Sometimes, the decision variables are not continuous but discrete integers (e.g., 1, 2, 3) or binary (e.g., 0 and 1). We can use such binary decision variables as on-off switches or go/no-go decisions. Figure 17.4 illustrates a project selection model where there are 12 projects listed. The example here uses the file found in Risk Simulator | Example Models | 12 Optimization Discrete. Each project like before, has its own returns (ENPV and NPV for expanded net present value and net present value—the ENPV is simply the NPV plus any strategic real options values), costs of implementation, risks, and so forth. If required, this model can be modified to include required full-time equivalences (FTE) and other resources of various functions, and additional constraints can be set on these additional resources. The inputs into this model are typically linked from other spreadsheet models. For instance, each project will have its own discounted cash flow or returns on investment model. The application here is to maximize the portfolio’s Sharpe Ratio subject to some budget allocation. Many other versions of this model can be created, for instance, maximizing the portfolio returns, or minimizing the risks, or add additional constraints where the total number of projects chosen cannot exceed 6, and so forth, and so on. All of these items can be run using this existing model.

Figure 17.4: Discrete Integer Optimization Model

  • Open the example file at Risk Simulator | Example Models | 12 Discrete Optimization and start a new profile by clicking on Risk Simulator | New Profile and provide it a name.
  • The first step in optimization is to set up the decision variables. Set the first decision variable by selecting cell J4, and select Risk Simulator | Optimization | Set Decision, click on the link icon to select the name cell (B4), and select the Binary variable Then, using Risk Simulator Copy, copy this J4 decision variable cell and paste the decision variable to the remaining cells in J5 to J15.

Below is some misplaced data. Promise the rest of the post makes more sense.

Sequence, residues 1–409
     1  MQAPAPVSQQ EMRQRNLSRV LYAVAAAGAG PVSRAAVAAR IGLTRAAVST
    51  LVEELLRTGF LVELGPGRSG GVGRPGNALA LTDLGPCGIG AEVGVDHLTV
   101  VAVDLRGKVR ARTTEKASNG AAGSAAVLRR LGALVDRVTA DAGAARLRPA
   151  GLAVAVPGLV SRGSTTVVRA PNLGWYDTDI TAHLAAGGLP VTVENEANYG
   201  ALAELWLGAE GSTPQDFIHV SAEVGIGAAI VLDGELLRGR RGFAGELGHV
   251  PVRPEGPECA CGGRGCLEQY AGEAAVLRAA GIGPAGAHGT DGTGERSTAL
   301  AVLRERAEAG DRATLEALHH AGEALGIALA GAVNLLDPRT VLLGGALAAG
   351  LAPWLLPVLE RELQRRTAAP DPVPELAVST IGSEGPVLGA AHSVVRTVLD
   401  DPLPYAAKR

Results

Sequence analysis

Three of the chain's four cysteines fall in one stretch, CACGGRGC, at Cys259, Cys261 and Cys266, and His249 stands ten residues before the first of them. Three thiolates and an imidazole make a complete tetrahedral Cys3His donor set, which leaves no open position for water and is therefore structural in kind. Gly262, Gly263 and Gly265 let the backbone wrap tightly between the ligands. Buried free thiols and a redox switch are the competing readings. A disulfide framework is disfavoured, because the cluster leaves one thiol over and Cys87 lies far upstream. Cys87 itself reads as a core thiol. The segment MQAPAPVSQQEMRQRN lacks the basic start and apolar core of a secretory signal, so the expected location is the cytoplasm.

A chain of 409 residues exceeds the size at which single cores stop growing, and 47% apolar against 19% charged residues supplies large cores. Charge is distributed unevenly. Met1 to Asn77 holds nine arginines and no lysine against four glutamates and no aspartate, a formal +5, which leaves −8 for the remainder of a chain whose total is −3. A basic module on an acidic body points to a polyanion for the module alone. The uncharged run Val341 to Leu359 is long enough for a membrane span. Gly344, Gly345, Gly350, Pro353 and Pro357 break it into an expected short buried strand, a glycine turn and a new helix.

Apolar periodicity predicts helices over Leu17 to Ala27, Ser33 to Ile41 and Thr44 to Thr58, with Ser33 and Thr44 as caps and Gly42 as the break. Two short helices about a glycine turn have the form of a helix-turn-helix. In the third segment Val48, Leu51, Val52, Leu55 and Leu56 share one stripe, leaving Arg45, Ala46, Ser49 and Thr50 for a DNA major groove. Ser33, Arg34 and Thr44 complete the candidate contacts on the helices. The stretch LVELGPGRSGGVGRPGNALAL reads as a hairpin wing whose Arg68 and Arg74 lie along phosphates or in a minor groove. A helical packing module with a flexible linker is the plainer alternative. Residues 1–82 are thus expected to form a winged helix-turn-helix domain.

• The second step in optimization is to set the constraint. There are two constraints here, that is, the total budget allocation in the portfolio must be less than $5,000 and the total number of projects must not exceed 6. So, click on Risk Simulator | Optimization | Constraintsand select ADD to add a new constraint. Then, select cell D17 and make it less than or equal (<=) to 5000. Repeat the step by setting cell J17 <= 6.
  • The final step in optimization is to set the objective function and start the optimization by selecting cell C19 and selecting Risk Simulator | Optimization | Set Objective and then run the optimization (Risk Simulator | Optimization | Run Optimization) and selecting the optimization of choice (Static Optimization, Dynamic Optimization, or Stochastic Optimization). To get started, select Static Optimization. Check to make sure that the objective cell is C19 and select Maximize. You can now review the decision variables and constraints if required, or click OK to run the static optimization.

Figure 17.5 shows the screenshots of the foregoing procedural steps. You can add simulation assumptions on the model’s ENPV and Risk (columns C and F) and apply the dynamic optimization and stochastic optimization for additional practice.

Figure 17.5: Running Discrete Integer Optimization in Risk Simulator

Results Interpretation

Figure 17.6 shows a sample optimal selection of projects that maximizes the Sharpe Ratio. In contrast, one can always maximize total revenues, but as before, this process is trivial and simply involves choosing the highest returning project and going down the list until you run out of money or exceed the budget constraint. Doing so will yield theoretically undesirable projects as the highest yielding projects typically hold higher risks. Now, if desired, you can replicate the optimization using a stochastic or dynamic optimization by adding in assumptions in the ENPV and Risk values.

Figure 17.6: Optimal Selection of Projects That Maximizes the Sharpe Ratio 

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